Coming soon: Generation Food Modules and Lesson Plans for Educators and Facilitators
We will be working with educators and curricula writers to create free lesson plans for middle, high school, and college teachers on the subjects of food, health, economics, and more.
Here are some resources to help you learn about the global food system.
Produced by KUT public radio, a lively round table discussion where Generation Food’s Raj Patel joins host Rebecca McInroy and Tom Philpott, food and agriculture writer for Mother Jones Magazine, to cover issues from food consumption to global health, gender bias, to the economy.
Edible Education 101: The Rise and Future of the Food Movement
This UC Berkeley course includes archived videos of lectures and discussions. Speakers include Raj Patel, Alice Waters, Mark Bittman, Michael Pollan, Marion Nestle, Eric Schlosser and more.
How the World Bank Makes Everything Worse
Video: Raj Patel on BigThink
After reviewing classified World Bank documents, Raj Patel concluded that a loan from this organization is more of a punch to the face than a help to poor nations.
Book by Raj Patel 2009
“This is a deeply thought-provoking book about the dramatic changes we must make to save the planet from financial madness” — Naomi Klein.
Food Rebellions! Forging Food Sovereignty to Solve the Global Food Crisis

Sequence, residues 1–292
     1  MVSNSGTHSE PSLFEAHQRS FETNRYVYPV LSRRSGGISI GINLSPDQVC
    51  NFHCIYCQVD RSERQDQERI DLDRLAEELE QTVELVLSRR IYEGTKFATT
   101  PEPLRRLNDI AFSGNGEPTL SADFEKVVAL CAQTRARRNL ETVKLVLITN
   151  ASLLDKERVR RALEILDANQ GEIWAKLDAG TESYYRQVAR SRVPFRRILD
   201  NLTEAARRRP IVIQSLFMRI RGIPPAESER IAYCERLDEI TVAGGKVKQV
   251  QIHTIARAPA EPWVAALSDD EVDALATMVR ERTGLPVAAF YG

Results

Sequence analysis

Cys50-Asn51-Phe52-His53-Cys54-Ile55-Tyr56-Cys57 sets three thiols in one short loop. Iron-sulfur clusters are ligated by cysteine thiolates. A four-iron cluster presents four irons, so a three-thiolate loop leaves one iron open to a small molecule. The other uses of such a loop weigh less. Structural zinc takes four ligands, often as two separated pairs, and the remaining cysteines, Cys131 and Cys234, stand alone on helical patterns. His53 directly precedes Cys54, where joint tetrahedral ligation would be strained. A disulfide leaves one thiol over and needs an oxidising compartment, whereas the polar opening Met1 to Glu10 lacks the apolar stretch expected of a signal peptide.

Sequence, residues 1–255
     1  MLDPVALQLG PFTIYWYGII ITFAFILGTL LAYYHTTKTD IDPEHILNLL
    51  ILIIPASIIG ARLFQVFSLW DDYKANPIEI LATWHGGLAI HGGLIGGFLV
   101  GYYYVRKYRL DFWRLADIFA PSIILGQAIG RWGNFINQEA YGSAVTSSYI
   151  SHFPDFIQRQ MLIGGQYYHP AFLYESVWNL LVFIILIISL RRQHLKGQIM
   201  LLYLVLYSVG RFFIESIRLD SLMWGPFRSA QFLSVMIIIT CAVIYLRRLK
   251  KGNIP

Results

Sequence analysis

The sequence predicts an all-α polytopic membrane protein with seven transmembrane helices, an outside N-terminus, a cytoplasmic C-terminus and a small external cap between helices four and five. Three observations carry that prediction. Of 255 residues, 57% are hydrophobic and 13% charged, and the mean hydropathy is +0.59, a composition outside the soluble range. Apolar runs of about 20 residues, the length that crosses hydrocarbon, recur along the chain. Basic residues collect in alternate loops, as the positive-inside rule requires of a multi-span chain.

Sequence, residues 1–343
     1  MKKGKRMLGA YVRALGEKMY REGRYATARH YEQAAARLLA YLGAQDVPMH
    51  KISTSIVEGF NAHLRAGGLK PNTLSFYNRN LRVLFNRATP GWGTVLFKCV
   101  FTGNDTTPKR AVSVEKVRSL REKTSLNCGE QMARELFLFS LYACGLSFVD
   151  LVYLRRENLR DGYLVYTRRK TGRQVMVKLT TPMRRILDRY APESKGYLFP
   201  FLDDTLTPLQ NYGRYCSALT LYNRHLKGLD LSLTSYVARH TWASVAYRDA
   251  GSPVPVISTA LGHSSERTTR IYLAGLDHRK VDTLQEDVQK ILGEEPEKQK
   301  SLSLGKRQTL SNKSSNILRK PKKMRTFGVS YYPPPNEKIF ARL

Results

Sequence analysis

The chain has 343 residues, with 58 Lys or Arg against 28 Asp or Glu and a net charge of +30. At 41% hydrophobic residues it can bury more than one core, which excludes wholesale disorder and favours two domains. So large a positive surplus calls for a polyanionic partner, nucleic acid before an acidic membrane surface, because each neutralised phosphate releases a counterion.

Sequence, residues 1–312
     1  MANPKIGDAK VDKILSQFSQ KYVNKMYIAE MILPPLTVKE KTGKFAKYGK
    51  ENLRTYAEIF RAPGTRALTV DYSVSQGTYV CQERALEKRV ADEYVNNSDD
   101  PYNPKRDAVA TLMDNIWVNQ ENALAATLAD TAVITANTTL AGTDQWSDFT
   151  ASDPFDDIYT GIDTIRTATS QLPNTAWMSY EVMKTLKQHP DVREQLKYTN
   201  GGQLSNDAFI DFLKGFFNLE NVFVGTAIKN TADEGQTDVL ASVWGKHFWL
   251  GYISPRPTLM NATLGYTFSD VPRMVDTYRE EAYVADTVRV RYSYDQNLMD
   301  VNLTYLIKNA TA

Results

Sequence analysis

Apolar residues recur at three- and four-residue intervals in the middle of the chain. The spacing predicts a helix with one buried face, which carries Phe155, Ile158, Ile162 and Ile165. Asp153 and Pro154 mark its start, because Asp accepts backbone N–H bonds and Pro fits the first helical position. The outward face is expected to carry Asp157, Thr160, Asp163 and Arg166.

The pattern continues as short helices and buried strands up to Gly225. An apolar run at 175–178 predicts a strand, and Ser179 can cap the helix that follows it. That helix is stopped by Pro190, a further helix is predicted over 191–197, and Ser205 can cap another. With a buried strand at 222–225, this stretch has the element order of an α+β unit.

Holt-Gimenez E, Patel R. 2009
The book Food Rebellions! takes a deep look at the world food crisis and its impact on the global South and underserved communities in the industrial North.
Stuffed and Starved: Markets, Power and the Battle for the World Food System
Patel R. Melville House. 2012
“For anyone attempting to make sense of the world food crisis, or understand the links between U.S. farm policy and the ability of the world’s poor to feed themselves, Stuffed and Starved is indispensable.” —Michael Pollan, author of The Omnivore’s Dilemma
Food Sovereignty: Power, Gender, and the Right to Food
Raj Patel’s essay in the PLoS Medical Journal
Gender is key to food insecurity and malnourishment, because women and girls are disproportionately disempowered through current processes and politics of food’s production, consumption, and distribution.